While some newer communities have dropped their rates closer to the middle market to compete in the Covid recovery period, Petty believes those rates will rise again as capital providers seek to meet debt service ratios. And that will leave middle-market communities at an advantage.
“This product will be in a great position to thrive, because it will be affordable,” Petty said.
Petty expects Lloyd Jones will close on four acquisitions and start work on two ground-up developments by the year’s end, with a goal of adding about 1,000 units to its portfolio each year.
Innovation Senior Living takes a similar approach as Lloyd Jones by acquiring “tired, 20- to 30-year-old properties,” CEO Pilar Carvajal said. Currently, the company owns and operates three communities, with two more communities likely to come online by the end of the year. But CEO Pilar Carvajal would like to grow the operator to about 12 to 15 communities in about five years’ time, with the middle market as a specialization.
Carvajal comes from the subsidized housing world — and she sees some overlap between housing meant for low- and middle-income seniors.
“It’s very heavy on the operations, very strict expense control,” Carvajal said during the webinar.
Indeed — echoing Petty’s point that “we’ve been doing it all along” — she emphasized that her career has been focused largely on serving the middle-market, and that foundational operational approaches and financing structures to grow this sector of the industry are already in place.
Underpinning the company’s middle-market model are universal workers who can do many tasks in a community. Carvajal added that the operator is constantly negotiating its prices with vendors for goods and services, such as payroll, food and medical supplies. Using those strategies, the company can achieve “pretty good operating margins,” although not to the level of other high-end properties. Still, that can be enough for capital providers to get on board with a project.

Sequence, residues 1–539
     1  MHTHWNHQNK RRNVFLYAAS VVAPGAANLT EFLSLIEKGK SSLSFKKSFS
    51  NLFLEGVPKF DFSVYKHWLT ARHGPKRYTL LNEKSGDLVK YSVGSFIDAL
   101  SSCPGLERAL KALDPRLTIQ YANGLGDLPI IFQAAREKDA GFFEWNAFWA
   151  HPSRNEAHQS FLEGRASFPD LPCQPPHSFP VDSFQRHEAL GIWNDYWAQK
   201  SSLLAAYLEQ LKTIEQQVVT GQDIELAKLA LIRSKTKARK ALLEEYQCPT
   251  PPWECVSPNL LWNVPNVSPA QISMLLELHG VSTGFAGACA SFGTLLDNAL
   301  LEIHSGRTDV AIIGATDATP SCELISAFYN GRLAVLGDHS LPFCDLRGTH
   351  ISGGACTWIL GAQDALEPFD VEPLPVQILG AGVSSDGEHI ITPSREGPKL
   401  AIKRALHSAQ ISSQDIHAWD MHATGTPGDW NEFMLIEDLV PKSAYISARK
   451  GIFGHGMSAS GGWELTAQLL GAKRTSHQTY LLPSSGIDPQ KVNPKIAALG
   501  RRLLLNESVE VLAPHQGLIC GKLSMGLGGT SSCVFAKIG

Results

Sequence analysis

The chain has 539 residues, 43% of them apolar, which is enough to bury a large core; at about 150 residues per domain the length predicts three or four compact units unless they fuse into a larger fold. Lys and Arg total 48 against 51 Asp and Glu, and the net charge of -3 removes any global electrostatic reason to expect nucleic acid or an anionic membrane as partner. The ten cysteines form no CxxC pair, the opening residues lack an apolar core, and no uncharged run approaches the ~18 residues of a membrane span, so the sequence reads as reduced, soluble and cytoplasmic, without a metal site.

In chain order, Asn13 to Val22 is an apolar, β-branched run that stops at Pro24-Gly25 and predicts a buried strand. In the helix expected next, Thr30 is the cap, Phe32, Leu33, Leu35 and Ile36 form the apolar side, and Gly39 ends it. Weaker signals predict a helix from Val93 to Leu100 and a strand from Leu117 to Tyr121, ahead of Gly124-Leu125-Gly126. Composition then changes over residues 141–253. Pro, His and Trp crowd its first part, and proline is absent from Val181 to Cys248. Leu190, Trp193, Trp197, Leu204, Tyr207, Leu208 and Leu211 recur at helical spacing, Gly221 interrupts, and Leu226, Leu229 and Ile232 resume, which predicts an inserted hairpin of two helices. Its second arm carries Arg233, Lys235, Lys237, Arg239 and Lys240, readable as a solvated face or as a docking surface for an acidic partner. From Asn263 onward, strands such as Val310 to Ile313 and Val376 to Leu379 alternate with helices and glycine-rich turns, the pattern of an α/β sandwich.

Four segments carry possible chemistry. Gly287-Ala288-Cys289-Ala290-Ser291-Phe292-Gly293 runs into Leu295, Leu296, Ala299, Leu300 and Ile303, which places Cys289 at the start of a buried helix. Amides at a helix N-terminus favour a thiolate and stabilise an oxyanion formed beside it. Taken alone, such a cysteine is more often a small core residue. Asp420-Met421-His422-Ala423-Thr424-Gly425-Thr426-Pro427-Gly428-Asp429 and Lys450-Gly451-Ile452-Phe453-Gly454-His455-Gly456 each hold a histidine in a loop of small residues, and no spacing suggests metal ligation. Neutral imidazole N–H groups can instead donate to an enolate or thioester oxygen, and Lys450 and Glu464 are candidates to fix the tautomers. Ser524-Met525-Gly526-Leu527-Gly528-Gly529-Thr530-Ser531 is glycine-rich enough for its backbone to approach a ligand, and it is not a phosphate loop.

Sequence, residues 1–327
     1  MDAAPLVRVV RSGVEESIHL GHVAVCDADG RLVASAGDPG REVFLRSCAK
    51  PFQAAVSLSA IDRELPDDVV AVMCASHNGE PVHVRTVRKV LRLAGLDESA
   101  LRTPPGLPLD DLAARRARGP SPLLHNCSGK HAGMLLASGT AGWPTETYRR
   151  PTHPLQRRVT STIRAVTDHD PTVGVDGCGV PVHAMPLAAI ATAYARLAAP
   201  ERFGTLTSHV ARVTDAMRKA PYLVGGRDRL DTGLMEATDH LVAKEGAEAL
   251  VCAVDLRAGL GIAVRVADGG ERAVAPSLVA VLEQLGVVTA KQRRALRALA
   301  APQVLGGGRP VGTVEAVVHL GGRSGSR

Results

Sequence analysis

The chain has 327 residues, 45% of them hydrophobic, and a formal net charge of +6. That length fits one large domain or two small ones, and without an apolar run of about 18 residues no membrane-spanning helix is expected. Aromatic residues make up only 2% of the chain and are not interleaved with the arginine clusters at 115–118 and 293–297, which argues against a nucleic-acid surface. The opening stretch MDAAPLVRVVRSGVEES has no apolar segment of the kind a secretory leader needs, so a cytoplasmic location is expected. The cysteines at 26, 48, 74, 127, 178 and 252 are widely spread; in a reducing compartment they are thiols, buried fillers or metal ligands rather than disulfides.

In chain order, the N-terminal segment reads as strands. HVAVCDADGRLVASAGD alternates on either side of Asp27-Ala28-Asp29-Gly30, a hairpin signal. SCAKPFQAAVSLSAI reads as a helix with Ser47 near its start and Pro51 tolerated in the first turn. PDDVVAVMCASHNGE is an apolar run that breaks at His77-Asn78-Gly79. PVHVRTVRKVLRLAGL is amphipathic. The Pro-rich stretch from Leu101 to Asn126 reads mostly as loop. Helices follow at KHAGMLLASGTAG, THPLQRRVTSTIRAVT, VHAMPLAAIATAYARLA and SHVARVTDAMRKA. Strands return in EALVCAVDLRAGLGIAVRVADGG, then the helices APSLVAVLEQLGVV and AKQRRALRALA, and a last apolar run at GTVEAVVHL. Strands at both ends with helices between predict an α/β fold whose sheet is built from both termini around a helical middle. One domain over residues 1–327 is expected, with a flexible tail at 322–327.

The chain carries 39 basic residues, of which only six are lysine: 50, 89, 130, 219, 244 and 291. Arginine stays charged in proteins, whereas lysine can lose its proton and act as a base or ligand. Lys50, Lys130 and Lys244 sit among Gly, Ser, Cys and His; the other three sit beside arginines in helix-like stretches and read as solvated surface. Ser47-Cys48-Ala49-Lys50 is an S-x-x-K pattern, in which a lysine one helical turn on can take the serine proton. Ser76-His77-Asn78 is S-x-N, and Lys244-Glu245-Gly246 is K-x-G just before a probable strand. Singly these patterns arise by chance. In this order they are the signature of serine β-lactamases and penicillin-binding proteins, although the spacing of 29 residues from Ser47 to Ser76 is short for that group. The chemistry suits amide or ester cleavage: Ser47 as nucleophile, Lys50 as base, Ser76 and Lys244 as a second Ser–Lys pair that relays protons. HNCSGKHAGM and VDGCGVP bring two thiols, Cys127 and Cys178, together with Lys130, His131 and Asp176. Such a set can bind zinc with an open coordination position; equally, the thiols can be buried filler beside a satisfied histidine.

“You can be profitable, and you can serve a population that has been largely neglected, that needs our help and that hasn’t seen their place in our industry — ever,” Carvajal said.
What lenders want
As a non-bank lender, Cohen said Liberty is more open now to “business-plan focused financing opportunities,” such as middle-market conversions or ground-up construction projects, with one opportunity being its small business administration loan product. The firm is also again underwriting conventional loans and bridge transactions outside of SBA.
When looking at operators to partner with, Liberty’s preference lies in those who come to the table with a few projects under their belt.
“We’re going to want to make sure that there’s operating experience in executing specific type of business plans that the borrower is currently seeking,” he explained. “As well as the … net worth and liquidity that are going to support that type of project.”
When underwriting new financing, Cohen said Liberty examines how a property or operator performed before the pandemic, and whether they can see a clear trajectory to return to those conditions in the months ahead.
“It really comes down to, what did the census look like before Covid and what is the trajectory in the last six to nine months?” Cohen added. “Savvy operators are figuring out ways to mitigate downside risk as waves continue to hit … and we’re excited to partner with folks who have been able to do that.”
Liberty is currently lending up to 85% of cost for SBA loans, including on ground-up construction deals. On the conventional side, the company is a little more cautious, with loans at about 65% to 70% loan-to-value, depending on the operator and product type.
Most of the deals that Liberty is looking at today are opportunistic acquisitions of distressed senior housing assets, as well as refinancings. And looking ahead, Cohen believes the market will continue to stay choppy and therefore that banks will continue to be cautious in looking for new projects to partner on.
In the meantime, he sees a lot of capital sitting on the sidelines, and lenders and equity investors are looking to deploy it where they can.
“We didn’t see the same types of underwriting miscalculations that occurred during the last recession, and we don’t see the same kind of oversupply of inventory,” Cohen said. “We think now is a good time to be investing in the sector.”